“Working women, the most oppressed among the oppressed, never have or could stand aside from the broad path of the liberation movement. This movement of slaves has produced, as is known, hundreds and thousands of martyrs and heroines. Tens of thousands of working women were to be found in the ranks of fighters for the liberation of the serfs. It is not surprising that millions of working women have been drawn in beneath the banners of the revolutionary movement of the working class, the most powerful of all liberation movements of the oppressed masses.”
— JV Stalin
Although some bourgeois countries had before 1917 made a few concessions towards women’s formal equality (for instance, Finland had given the right to women to be elected to its parliament, its first three women MPs having attended the 1910 women’s conference in Copenhagen), no country could match the comprehensive abolition of all laws discriminating against women that was implemented by the Bolshevik government following the October revolution.
The Bolsheviks introduced divorce and civil marriage laws that made marriage a voluntary alliance. They abolished all distinction between legitimate and illegitimate children. They gave women employment rights equal to those of men, equal pay for equal work (a concept not introduced in Britain until 1970, following the strike of the women machinists at Ford in Dagenham), and rights to paid leave during pregnancy and after the birth of children. They set an example that astounded the world and shook the foundations of women’s oppression in all countries to its foundation.
Women workers must stand shoulder to shoulder with the revolutionary proletariat as a whole to overthrow capitalism and establish and build socialism. And it stands to reason that the revolutionary proletariat must make attending to the needs of working-class women one of its most urgent priorities, both in the demands it makes of the capitalist class today and in the measures that it will implement when it takes state power in the future.
The ‘left’ in Britain today reflects class society as a whole, and, because of this, the role and status of women in political life has been diminished alongside the roll-back of the welfare state and other social gains that the working class of Britain temporarily enjoyed for a period after WW2.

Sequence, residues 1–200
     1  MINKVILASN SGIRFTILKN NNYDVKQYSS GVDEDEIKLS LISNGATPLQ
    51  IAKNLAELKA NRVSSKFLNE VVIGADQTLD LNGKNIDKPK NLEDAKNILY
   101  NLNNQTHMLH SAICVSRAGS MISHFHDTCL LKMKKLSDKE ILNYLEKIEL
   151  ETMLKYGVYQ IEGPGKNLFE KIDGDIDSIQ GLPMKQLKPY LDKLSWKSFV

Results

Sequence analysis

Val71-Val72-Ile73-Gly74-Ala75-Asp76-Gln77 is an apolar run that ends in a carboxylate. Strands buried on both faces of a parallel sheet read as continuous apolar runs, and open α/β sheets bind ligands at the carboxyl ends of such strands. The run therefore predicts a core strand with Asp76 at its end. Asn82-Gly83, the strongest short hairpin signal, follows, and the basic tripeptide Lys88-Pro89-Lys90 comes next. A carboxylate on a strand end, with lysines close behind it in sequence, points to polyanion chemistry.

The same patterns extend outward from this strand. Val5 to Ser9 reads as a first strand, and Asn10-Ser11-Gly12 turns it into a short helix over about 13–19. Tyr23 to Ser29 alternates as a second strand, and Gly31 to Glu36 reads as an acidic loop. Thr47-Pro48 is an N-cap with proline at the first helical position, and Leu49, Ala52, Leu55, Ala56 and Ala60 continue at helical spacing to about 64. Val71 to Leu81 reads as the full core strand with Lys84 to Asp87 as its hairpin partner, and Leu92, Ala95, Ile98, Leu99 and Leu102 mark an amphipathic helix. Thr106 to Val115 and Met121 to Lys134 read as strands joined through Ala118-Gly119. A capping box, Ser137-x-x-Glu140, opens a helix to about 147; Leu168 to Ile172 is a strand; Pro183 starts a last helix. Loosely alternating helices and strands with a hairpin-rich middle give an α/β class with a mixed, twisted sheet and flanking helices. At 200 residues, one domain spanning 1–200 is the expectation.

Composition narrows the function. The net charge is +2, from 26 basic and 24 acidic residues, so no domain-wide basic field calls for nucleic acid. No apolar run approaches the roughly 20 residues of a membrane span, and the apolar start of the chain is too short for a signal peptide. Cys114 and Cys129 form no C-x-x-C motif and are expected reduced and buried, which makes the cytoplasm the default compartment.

As a result, there are far too few women taking part in revolutionary politics. Even worse, there are far too few women playing a leading role in their respective organisations. Red Youth and the Communist Party of Great Britain (Marxist-Leninist) make a point of doing what they can to support women comrades in developing so that they can play active and leading roles in the party.
We have a number of leading women comrades in our ranks, and we hope the selection of videos below – speeches given by some of those comrades – will inspire other women – both young and old – to take part.
We would also ask all our comrades and sympathisers – both men and women – to read Frederick Engels’ great work The Origin of the Family, Private Property and the State. [See below for a video presentation on this subject.] This seminal book makes it absolutely clear that the oppression of women began back when society split into classes and shows that it will only end when class society has been finally abolished. The women’s question is therefore a class question, and the solution to it is to be found in the revolutionary struggle for socialism.
Our own comrades have also written a very good book on this subject, which we would recommend for all those who wish to understand the Marxist view of the women’s question. The book also reveals the limitations of the bourgeois ‘feminist’ movement, which has done rather less for British women in 45 years than the Soviet Union did in 10!